Full-waveform Airborne and Spaceborne Laser Altimetry for Mapping and Sampling the Earth’s Forests, Cryosphere, and Land surfaces

Friday, 19 December 2014
James Bryan Blair1, Ralph Dubayah2, Michelle A Hofton2, Scott B Luthcke1, David Rabine1, Shane Wake1, Barry Coyle1, Paul Stysley1 and Cheryl Salerno1, (1)NASA Goddard Space Flight Center, Greenbelt, MD, United States, (2)Univ Maryland, College Park, MD, United States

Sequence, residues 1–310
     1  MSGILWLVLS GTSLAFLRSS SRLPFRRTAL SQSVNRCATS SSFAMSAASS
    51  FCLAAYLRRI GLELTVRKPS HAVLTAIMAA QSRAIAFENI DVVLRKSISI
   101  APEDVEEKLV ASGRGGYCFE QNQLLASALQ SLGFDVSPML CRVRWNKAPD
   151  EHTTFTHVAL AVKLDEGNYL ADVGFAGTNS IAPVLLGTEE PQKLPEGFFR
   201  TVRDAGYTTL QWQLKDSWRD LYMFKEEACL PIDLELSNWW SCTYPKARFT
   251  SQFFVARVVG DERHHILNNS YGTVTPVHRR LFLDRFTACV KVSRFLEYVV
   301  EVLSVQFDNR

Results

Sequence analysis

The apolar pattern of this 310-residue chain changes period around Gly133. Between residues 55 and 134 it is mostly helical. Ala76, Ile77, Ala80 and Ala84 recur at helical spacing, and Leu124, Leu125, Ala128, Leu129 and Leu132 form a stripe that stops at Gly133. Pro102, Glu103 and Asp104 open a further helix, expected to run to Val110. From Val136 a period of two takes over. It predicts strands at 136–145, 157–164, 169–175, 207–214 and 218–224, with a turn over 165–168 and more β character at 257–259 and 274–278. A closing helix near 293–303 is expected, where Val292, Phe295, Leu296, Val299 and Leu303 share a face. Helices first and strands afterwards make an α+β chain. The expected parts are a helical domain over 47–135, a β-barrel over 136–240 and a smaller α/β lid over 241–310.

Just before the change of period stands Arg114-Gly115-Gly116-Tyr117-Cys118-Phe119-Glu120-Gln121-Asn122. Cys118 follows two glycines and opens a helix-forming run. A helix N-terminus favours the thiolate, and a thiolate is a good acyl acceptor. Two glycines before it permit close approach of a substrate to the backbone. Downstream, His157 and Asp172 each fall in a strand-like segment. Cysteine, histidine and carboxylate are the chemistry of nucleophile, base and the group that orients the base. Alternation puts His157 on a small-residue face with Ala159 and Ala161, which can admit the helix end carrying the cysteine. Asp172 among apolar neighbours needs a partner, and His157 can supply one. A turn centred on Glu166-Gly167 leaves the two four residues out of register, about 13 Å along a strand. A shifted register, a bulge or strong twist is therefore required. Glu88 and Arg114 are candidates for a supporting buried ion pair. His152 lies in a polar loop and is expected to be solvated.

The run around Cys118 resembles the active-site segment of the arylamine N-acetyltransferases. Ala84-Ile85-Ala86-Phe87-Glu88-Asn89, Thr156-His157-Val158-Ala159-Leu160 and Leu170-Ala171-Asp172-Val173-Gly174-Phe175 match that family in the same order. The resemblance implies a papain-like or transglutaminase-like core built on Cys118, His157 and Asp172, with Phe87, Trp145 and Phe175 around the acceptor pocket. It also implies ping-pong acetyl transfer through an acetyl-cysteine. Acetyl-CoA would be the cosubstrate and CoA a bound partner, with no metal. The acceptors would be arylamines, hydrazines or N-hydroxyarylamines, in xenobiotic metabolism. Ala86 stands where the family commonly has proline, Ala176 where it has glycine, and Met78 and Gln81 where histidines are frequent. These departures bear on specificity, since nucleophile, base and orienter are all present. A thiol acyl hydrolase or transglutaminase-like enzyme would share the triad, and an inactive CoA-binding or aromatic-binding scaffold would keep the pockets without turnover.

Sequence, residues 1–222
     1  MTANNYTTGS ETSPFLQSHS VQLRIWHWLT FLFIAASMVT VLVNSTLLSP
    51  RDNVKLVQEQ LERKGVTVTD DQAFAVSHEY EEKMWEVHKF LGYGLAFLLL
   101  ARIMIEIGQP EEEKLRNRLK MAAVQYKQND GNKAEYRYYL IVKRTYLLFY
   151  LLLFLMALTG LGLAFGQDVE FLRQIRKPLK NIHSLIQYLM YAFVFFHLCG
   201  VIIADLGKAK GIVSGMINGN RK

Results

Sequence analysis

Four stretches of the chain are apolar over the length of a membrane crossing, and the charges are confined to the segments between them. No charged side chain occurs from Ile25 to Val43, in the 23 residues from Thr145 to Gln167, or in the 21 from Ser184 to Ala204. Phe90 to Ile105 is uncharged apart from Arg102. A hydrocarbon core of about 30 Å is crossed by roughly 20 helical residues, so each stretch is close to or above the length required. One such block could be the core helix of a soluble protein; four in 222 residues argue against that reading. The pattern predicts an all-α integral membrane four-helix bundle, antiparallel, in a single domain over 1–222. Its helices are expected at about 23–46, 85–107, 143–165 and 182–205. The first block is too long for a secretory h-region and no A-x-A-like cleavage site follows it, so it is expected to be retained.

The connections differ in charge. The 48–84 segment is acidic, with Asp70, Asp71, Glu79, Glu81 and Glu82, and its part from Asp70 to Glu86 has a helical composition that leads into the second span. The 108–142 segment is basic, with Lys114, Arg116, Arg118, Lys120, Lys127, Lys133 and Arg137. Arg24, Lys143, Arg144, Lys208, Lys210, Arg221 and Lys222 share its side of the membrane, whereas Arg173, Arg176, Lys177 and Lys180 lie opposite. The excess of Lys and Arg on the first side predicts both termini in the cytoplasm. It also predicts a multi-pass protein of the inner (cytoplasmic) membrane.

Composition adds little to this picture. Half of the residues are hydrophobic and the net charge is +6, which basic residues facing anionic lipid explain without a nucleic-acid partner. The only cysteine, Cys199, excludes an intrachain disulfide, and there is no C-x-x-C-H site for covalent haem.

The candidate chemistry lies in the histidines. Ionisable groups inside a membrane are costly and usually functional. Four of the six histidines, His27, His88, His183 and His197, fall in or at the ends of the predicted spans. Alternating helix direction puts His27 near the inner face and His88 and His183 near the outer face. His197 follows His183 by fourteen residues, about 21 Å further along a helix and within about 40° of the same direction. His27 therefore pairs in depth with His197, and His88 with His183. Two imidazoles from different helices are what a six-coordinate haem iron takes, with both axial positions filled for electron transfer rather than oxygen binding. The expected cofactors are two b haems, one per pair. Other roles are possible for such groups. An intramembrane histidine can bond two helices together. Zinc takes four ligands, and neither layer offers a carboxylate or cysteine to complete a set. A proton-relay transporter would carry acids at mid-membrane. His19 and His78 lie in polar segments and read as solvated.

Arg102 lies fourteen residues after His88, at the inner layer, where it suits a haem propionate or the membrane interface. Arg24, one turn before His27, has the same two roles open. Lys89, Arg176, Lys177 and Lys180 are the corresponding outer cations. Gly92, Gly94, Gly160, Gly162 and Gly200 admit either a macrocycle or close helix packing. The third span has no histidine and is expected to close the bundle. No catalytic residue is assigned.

Laser altimetry is an established technique for providing precise and accurate measurements of topography, vegetation, ice sheets, glaciers and sea ice. The Land, Vegetation, and Ice Sensor (LVIS) is a wide swath, full-waveform laser altimeter that has been operational since the late 1990’s and has mapped 100,000’s of square kilometers around the globe. NASA is developing a Facility version of the LVIS sensor to make it more cost-effective and more easily available to the broader science community. Based heavily on the existing LVIS sensor, the Facility LVIS instrument includes numerous improvements for reliability, resolution, real-time performance monitoring, lower cost for integration and ops, and data consistency. Building upon the foundation provided by LVIS, the Global Ecosystem Dynamics Investigation (GEDI) Lidar was recently selected for funding as a part of NASA’s Earth Venture Program and will use multiple laser beams to measure high-resolution forest structure and surface topography from the International Space Station (ISS). Dependent on the funding profile and availability of launch options to ISS, GEDI could launch as early as 2018. Within a single year of operations GEDI will provide billions of vegetation height and structure measurements for the precise estimation of biomass within the orbital coverage provided by ISS (+/- 51.6 degrees latitude). GEDI uses the same high-SNR waveform measurement technique as the airborne LVIS sensor. LVIS will provide calibration and validation of GEDI’s on-orbit performance.